Discussion in 'Trek Literature' started by Brendan Moody, Jan 21, 2009.
Correct--I meant ship captain, not person with that rank.
It would be so much easier for the rest of us if the Navy hadn't decided it made sense to use the same word for a rank and a job description that aren't automatically congruent...
You mean like the difference between being inside an office and being elected to an office?
Yeah, but Starfleet's not military, so that's really no excuse.
Cha cha cha.
moreover, Starfleet's not the USN IN SPAAAAAAAAAAAAACE!
Which just makes it more annoying that Starfleet has perpetuated the practice.
that makes sense, thanks.
Just finished, and I've gotta say, it was a fantastic read.
At first, I thought the jumping, varying nature of the scenes was just going to show different aspects of the Alpha Quadrant in the wake of the Borg invasion; I had no idea that they were going to be subtly linked together through Sekki, which was an ingenious idea. It was almost like a mystery - as soon as Sonek realised that there was a pattern, I was trying to figure out the connections as he was.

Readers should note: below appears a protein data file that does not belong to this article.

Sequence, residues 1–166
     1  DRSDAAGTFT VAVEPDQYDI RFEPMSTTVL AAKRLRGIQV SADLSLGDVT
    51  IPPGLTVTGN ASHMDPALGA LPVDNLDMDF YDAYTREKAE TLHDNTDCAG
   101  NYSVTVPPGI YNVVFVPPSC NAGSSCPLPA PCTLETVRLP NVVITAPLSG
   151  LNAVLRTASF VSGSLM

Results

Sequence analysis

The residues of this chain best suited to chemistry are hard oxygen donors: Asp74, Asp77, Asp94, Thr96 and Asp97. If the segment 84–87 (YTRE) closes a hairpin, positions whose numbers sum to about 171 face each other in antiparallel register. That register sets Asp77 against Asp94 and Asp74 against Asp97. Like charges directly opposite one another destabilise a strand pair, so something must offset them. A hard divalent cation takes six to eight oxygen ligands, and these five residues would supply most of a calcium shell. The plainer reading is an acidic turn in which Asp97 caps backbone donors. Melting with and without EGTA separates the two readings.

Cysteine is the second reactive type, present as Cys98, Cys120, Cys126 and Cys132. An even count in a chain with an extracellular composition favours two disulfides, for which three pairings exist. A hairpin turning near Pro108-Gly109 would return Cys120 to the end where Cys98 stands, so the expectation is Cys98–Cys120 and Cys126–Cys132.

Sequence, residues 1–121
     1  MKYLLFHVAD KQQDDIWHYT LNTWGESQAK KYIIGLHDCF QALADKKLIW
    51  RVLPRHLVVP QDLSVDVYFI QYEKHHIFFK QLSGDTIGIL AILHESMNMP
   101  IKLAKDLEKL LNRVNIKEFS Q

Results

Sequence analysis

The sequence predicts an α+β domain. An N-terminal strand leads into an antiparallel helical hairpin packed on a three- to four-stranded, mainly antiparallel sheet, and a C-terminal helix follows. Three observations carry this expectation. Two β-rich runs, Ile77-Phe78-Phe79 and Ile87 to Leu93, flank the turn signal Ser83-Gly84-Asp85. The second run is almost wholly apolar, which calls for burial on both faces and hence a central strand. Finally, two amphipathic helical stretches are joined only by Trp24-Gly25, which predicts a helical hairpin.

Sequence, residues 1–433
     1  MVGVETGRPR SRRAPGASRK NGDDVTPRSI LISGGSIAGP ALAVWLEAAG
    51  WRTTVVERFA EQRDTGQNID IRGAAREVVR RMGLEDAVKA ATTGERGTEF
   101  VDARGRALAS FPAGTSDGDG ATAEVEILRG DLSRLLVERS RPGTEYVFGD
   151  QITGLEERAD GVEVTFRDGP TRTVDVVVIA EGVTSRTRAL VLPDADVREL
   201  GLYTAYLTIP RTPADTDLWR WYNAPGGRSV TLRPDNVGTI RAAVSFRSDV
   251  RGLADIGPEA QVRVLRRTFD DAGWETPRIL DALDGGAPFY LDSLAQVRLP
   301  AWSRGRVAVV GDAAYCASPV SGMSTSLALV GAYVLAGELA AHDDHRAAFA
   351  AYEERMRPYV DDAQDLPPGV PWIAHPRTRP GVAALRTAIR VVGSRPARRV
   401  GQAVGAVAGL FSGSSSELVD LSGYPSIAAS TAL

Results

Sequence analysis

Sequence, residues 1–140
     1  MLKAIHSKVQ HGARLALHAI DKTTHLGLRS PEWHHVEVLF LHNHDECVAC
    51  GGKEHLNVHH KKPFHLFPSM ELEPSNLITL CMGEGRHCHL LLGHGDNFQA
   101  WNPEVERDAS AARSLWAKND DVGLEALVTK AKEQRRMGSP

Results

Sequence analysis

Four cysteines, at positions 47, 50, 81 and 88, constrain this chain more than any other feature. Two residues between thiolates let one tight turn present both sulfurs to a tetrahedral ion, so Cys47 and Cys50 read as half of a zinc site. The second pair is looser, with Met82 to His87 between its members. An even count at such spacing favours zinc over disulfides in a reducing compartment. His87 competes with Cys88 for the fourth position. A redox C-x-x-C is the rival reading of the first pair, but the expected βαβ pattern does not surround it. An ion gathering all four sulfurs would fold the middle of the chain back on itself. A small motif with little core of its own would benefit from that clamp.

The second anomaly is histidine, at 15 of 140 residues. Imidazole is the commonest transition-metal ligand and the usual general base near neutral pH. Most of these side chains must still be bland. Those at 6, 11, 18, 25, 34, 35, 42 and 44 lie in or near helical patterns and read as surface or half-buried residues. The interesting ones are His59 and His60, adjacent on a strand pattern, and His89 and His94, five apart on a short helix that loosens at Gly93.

Since this book had so many sub-arcs working back into the main storyline, I thought I'd give my thoughts on each one individually:
The refinery on Capella - this was an intriguing plot at first, because it wasn't picked up on for quite a while after it happened. I was more locked in with the other arcs, until Kedair arrived to sort things out, at which point it became completely engaging. Kedair was written fantastically, and she is now easily my favourite from the Aventine crew.